State officials reaffirm access to reproductive health services post-Roe | Five for the Weekend
Happy weekend, all.
Last August, the Wolf administration announced that it would opt-in to the American Rescue Plan’s optional Medicaid expansion, increasing the length of postpartum coverage from 60 days to one year.
This week, state officials gathered in Pittsburgh to reaffirm that resources and options are available to mothers and pregnant people amid a confusing post-Roe v. Wade climate.
“With the overturning of Roe v. Wade, we know that many people are confused and worried about getting the reproductive health care they need and deserve to keep themselves and their families healthy,” Department of Human Services acting Secretary Meg Snead said.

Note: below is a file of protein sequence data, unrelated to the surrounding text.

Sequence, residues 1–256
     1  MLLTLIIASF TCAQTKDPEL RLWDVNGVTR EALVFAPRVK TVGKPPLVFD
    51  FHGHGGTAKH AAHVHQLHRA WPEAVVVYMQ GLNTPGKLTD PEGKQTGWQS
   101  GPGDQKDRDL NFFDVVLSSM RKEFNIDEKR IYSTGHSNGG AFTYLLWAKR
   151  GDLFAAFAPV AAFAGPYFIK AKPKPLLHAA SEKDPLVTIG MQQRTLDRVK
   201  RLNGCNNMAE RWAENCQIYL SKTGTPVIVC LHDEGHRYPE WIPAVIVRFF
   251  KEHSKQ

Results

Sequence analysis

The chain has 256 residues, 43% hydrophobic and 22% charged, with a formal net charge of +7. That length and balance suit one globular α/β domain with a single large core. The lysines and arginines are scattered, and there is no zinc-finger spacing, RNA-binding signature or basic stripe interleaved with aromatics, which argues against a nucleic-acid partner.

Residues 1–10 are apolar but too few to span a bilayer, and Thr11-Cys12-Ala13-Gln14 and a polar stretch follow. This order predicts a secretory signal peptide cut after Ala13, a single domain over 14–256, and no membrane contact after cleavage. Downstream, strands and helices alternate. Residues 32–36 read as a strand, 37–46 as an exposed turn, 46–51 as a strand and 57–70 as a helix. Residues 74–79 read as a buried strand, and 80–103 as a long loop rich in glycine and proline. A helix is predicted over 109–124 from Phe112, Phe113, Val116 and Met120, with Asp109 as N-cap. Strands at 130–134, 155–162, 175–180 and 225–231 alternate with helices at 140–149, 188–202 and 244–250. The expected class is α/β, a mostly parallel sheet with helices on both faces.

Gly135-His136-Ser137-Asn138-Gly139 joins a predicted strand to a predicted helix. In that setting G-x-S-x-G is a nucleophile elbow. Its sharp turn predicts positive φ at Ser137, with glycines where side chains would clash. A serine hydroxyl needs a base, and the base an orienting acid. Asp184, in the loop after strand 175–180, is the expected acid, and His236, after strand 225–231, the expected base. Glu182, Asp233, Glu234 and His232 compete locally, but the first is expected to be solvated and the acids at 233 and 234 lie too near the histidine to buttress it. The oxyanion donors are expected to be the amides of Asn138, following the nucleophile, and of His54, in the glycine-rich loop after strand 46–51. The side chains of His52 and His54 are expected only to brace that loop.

DHS, which administers the commonwealth’s Medicaid program, said that those in need can access free or reduced-cost reproductive health care, including birth control, testing and treatment for sexually transmitted infections (STIs), screening and education for some types of cancer, and counseling from a health care provider about pregnancy, such as preparing for pregnancy, preventing unintended pregnancies, and enabling individuals to control the timing and spacing of pregnancies.
“We are here to tell all Pennsylvanians: whatever stage you are at in your life, there is safe, affordable reproductive, perinatal, and postpartum health care available,” Snead said.
Acting Secretary of the Department of Health and Pennsylvania Physician General Dr. Denise Johnson said the expanded Medicaid access is an effort by the administration to address barriers to access and the commonwealth’s high maternal mortality rate.